Journey Back to South Korea

July 11, 2014


“Always listen to
your mother and study hard,” my grandmother said. I could see tears dripping
down her cheeks. “I know you can do it. I believe in you.” She held me tightly,
stroking my face before I headed to the terminal. 

Thirteen years later,
we reunited -- but by this time, my grandmother was critically ill.

My grandmother is
the most caring and loving person I have ever known. When my parents divorced
in South Korea, my grandmother was there for me. I lived with my mother, my
older sister, cousins, and my grandparents. Every time my grandmother came home
from work, she cooked food and cleaned the house for everyone. When my mother was
not around, my grandmother spent time with me and made sure that I did my
homework before going out to play. Sometimes we watched movies or hung out at a
local park together. She was like my second mother, my best friend, my role

But when I moved to
America with my mother and my older sister, my relationship with my grandmother
started to fade. Growing up in America as a teenager, I began to assimilate. Though it was not an easy process, I became more
comfortable living here. Eventually, without fully realizing it, I
started refusing to speak Korean. I began to dismiss childhood memories and
feel disconnected from my relatives in South Korea as I forced myself to
become American. I thought the only way to survive and to succeed in America
was to let go of my Korean identity.

In 2013, my aunt
called and told me that my grandmother, then 90, was seriously ill. She had
suffered a stroke and been diagnosed with Alzheimer’s disease. She was also
undergoing treatment for quadriparesis and cognitive dysfunction following her
stroke. All I could think was that I might not see her again.

As a DACA recipient, I knew that I could apply for the Advance Parole program and receive a traveling document that would allow me to return
to the U.S. after traveling abroad. After months of preparation, my case was
finally approved.

I decided to document
my journey via film and then host a press conference to discuss undocumented
immigration issues. My primary purpose was to visit my grandmother, but I also
wanted to see my relatives and friends. I knew the trip would be an opportunity
to think and reflect about my identity.

On the second day
of my trip, I visited the senior center where my grandmother was living. When I
finally saw her, I couldn’t help but cry. As happy as I was, I couldn’t hide my
worry. She looked so weak and fragile -- when I hugged her, I was cautious,
afraid I would hurt her.

“Halmuni!” I
exclaimed. “Do you remember me?”

“What?” my
grandmother said softly.

“Do you remember
me, Halmuni? It’s me, Ju Young! Your grandson!” I shouted, this time closer to
her ear.

“Who? Ju Young? Who
are you again?”

I could tell my grandmother
didn’t recognize me. When I showed her a picture of us that had been taken when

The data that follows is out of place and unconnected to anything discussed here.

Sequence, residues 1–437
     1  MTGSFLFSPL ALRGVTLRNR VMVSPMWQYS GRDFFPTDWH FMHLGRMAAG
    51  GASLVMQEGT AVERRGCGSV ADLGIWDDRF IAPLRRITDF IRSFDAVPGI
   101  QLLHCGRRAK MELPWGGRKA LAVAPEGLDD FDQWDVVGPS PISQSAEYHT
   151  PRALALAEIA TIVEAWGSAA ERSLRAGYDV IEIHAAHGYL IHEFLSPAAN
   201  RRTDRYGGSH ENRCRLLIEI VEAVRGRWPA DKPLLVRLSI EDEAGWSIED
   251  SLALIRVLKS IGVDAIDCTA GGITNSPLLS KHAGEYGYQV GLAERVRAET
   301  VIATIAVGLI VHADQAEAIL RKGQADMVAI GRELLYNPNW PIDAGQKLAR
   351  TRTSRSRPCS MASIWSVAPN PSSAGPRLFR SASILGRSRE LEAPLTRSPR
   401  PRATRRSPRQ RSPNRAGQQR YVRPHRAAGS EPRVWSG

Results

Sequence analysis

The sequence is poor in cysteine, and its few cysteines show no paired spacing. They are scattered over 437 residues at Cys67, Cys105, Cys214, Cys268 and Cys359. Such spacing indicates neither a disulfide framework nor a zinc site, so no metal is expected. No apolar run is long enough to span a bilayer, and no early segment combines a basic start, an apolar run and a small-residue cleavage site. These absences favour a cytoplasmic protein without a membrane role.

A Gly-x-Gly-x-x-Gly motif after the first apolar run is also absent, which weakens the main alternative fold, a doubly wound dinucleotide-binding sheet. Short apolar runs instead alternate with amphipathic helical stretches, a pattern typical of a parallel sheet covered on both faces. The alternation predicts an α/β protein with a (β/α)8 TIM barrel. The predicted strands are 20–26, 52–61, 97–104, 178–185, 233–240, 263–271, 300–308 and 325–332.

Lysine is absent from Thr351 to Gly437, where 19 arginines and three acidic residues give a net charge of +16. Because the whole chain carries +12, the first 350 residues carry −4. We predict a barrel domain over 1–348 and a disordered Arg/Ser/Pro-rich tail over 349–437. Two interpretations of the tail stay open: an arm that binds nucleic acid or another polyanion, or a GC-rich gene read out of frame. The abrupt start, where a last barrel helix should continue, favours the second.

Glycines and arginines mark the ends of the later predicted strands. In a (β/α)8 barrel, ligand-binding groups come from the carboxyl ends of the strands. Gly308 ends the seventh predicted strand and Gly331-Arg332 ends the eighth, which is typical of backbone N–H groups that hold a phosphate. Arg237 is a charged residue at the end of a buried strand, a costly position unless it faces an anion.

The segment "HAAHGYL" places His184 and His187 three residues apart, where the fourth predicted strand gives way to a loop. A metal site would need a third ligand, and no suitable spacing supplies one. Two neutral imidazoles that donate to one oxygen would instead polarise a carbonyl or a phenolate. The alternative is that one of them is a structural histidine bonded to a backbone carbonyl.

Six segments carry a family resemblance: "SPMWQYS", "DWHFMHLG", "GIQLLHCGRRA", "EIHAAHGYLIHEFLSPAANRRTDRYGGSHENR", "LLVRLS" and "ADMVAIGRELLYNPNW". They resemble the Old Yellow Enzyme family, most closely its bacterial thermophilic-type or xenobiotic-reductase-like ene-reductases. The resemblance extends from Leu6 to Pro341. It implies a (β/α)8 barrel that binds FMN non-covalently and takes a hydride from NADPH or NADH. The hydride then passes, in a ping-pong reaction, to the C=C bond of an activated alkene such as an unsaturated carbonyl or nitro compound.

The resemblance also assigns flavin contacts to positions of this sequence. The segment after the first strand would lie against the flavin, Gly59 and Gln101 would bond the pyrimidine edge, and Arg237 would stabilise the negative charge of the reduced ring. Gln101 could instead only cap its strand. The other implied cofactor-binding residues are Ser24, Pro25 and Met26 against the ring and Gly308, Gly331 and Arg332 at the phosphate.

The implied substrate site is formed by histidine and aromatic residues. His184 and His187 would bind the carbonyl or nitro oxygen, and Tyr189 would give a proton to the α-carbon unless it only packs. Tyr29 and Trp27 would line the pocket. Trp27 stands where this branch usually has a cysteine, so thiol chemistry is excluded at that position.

I was a child, she smiled and said, “You were so little back then.” But a
moment later, she asked for my name again. She did this over and over.



I visited my
grandmother as often as possible while I was in South Korea. I tried to be
strong in front of her, but I couldn’t help but cry again and again.

On the day I left
to return to the U.S., I visited my grandmother one last time. This time, I didn’t
cry at all. I don’t know why, but my grandmother seemed very happy and
talkative that day. When I said goodbye, I promised her that I would be back -- I promised we would see each other again very soon. I also promised that I would
bring my mom and my older sister to visit. I looked at my grandmother once
more, and then I exited the room.

It was an
overwhelming trip at times, but I felt so blessed and grateful to have the
opportunity to visit South Korea and reunite with my family for the first time
in over thirteen years.

Coming back to the
U.S. was not easy, knowing that my grandmother was ill. The truth is, I don’t
know when I’ll be able to return to South Korea. I don’t know how my mother and
my older sister will visit South Korea to see her, since they do not qualify
for DACA or Advance Parole. As much as I want to help my family, there are
certain things that I cannot control. If my mother and my sister leave, they will
most likely be barred from reentering the U.S. for ten years.

Separated from my grandmother and eager to see
her again, I feel more determined than ever to push for the rights of
immigrants. While I will continue to
advocate for a humane comprehensive immigration reform, my immediate goal is to
halt deportations and expand DACA for all 11.7 million undocumented immigrants
living in the U.S. The best way to help my family, and millions of
other families like mine, is to fix our broken immigration system.

Above all, I promised
my grandmother that I will see her again -- and I intend to keep my promise.



Ju Hong is a research assistant at Harvard University working on the National UnDACAmented Research Project (NURP), a national research study focused on the Deferred Action for Childhood Arrivals (DACA) program and its effects on the young undocumented immigrants who benefit or wish to benefit from it. Ju came to the United States from South Korea at the age of 11, and grew up in the San Francisco Bay Area. He graduated from UC Berkeley with a Bachelor's in Political Science, and is currently pursuing a Master’s Degree in Public Administration at San Francisco State University. After graduation, he hopes to continue to support, serve, and advocate for underprivileged immigrant communities. His documentary film about his return visit to South Korea is in progress. This past April, Ju was crowned Mr. Hyphen 2014.